Bryant, known as “Bones” in college and “Skinny” in the pros, says the Vikings played zone defense more than half the time during his career. That allowed him to read the quarterback and anticipate receivers’ routes based on his extensive tape study. Bryant believes quarterbacks were usually tempted to throw to his side of the field because, with his slight frame, he looked like an “easy mark.”
His 51 interceptions in the regular season and team-record six playoff picks prove he was anything but easy. Besides his pick-six versus the Cowboys in the 1973 NFC Championship game, Bryant’s most famous interception came in the late stages of the 1976 NFC title tilt against the Rams. Minnesota was clinging to a 17-13 lead when Rams quarterback Pat Haden lofted a pass for a seemingly wide-open Ron Jessie for the go-ahead score.
Enter a purple streak named Bobby Bryant.
“Haden never looked to my side,” says Bryant, who was in man coverage against Harold Jackson. “He was looking at Jessie. Both Jackson and Jessie ran post patterns so they went down the field for about 10 yards and cut into the middle. Jessie had Nate Wright (Minnesota’s other cornerback) beat by about 4 or 5 yards. I’m running full speed to the middle of the field anyhow, so when Haden let the pass go I just left my guy. Jessie had his eyes on the ball with his hands up ready to catch it and I just plucked it out of his hands. Fortunately, I was able to catch it.”
The Vikings scored an insurance touchdown a few minutes later and were on their way to Super Bowl XI thanks to the 24-13 win. Minnesota probably never would have been in position for the victory if not for another big Bryant play in the first quarter.
The determined Rams dominated play early in the contest and easily drove down the field. Only a terrific goal-line stand by the Vikings kept them 6 inches from the game’s first score. Rather than go for a touchdown on fourth down, Los Angeles elected for the “sure” three points off the foot of Tom Dempsey. Instead, the field goal attempt for the Rams turned into a touchdown for the Vikings after Nate Allen blocked the kick and Bryant raced 90 yards with the ball for the score.
“I was just doing what I was supposed to on the play,” Bryant says. “I was too slow to get much of a rush. My job was to wait for the ball to be blocked and to pick it up and run it. I had a little trot as I came across the line. Nate blocked it and the ball took one bounce right into my hands, like a loaf of bread. All I had to do was take hold of it and run for 90 yards. Knowing they had the ball at the 1-yard line and all of a sudden we got seven points, that was a 14-point swing.”
Two weeks later in the Super Bowl against Oakland, Bryant nearly had another opportunity to score on a blocked kick. Fred McNeill’s picture-perfect block of a Ray Guy punt deep in Raiders territory looked like a sure-fire touchdown and the Vikings’ first lead in their disappointing Super Bowl history.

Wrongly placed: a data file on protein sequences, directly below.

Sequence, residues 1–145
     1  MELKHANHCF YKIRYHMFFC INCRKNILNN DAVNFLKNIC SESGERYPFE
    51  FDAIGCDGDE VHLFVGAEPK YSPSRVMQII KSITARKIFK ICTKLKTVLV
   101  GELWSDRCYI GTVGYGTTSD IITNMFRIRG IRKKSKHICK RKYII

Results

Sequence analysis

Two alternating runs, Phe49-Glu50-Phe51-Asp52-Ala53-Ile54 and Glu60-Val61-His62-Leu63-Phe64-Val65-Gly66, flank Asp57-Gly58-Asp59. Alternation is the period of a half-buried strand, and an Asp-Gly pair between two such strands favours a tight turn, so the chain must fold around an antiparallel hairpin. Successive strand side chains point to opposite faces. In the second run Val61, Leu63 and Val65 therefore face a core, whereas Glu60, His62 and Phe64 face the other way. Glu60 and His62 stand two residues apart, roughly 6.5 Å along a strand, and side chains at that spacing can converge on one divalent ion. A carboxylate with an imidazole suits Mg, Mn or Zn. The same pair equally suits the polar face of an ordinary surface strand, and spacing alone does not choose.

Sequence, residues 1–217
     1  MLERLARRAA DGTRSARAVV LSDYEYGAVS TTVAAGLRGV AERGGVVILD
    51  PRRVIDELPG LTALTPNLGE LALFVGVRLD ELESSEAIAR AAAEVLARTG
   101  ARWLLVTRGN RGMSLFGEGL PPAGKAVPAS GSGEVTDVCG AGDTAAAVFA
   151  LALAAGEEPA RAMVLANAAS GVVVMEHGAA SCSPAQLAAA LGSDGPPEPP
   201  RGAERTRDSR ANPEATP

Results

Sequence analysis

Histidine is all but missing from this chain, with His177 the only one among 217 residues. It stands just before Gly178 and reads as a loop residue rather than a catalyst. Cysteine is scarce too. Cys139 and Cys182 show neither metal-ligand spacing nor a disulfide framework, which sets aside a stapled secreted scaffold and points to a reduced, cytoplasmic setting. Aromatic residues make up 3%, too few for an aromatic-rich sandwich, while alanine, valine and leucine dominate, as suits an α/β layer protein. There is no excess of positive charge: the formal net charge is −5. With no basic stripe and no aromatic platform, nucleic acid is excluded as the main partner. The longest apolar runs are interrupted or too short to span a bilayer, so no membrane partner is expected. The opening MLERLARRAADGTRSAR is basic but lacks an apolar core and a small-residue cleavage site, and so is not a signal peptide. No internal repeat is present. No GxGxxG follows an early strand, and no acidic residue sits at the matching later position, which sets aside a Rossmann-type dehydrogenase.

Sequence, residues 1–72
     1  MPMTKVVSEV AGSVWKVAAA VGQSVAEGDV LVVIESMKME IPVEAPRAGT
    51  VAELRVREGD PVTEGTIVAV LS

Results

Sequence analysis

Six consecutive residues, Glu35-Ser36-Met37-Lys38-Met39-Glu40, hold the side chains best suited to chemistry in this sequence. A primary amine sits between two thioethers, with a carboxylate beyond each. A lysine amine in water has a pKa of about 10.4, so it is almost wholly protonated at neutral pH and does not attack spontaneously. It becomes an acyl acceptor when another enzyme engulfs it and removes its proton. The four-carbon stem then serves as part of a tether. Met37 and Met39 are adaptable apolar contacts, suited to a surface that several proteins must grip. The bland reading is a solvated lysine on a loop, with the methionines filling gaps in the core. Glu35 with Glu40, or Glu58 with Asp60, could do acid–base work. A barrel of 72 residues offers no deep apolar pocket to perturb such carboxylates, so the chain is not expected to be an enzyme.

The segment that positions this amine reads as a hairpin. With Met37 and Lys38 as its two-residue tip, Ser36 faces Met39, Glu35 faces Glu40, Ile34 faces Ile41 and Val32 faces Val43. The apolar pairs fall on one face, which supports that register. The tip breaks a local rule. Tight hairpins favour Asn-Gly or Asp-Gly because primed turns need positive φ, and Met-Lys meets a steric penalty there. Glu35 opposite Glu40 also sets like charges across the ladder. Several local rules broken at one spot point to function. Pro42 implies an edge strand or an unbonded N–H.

“I’m running wide open about 10 yards from the ball,” Bryant says. “The grass was really thick. I’m thinking the ball will bounce waist high and I’m just going to catch it and walk into the end zone. All of a sudden, it hits the grass and bounces about seven feet high. I’m thinking, ‘How in the hell could it bounce that high?’”
Rather than a walk-in touchdown by Bryant, the Vikings had to fall on the pigskin at the Oakland 3-yard-line. Two plays later, Minnesota fumbled the ball away. Oakland drove down the field for a field goal and was on its way to a 32-14 win.
“If I would have scored, who knows how much that would have changed the game?” Bryant says.
Super Bowl XI was the second of the four Vikings Super Bowls in which Bryant appeared. He missed the 1969 game because of knee surgery and the 1974 Super Bowl due to a broken arm. To this day, he is disappointed with the team’s four Super Bowl defeats but keeps the games in proper perspective.
“I don’t suffer anguish because I was part of four losing Super Bowl teams,” he says. “I’m honored to have been good enough to have gotten there. Obviously, we weren’t the best team on those particular days. If you look at the body of work we did over the years, it was pretty good.
“It was a great feeling to play together as a team and accomplish our successful seasons and championships. I felt like I did the best job I could possibly do in helping build something that was good and really meaningful.”
Broken body and all.
EXTRA POINTS WITH BOBBY BRYANT
On the toughest receivers to cover …
“Drew Pearson from Dallas and Harold Carmichael of the Eagles.”
On some of the best quarterbacks he faced …
“John Brodie. Jim Hart. (Ron) Jaworski.”
On his rookie contract in 1967 …
“My first contract was for $12,000 a year. My bonus was $7,500. I got my bonus and went to downtown Columbia (S.C.) and bought a brand new Pontiac Bonneville for $3,500.”
On following the Vikings today …
“If they are on TV, I will watch them. I pull for them. I am a fan. I hope one day they do win the Super Bowl.”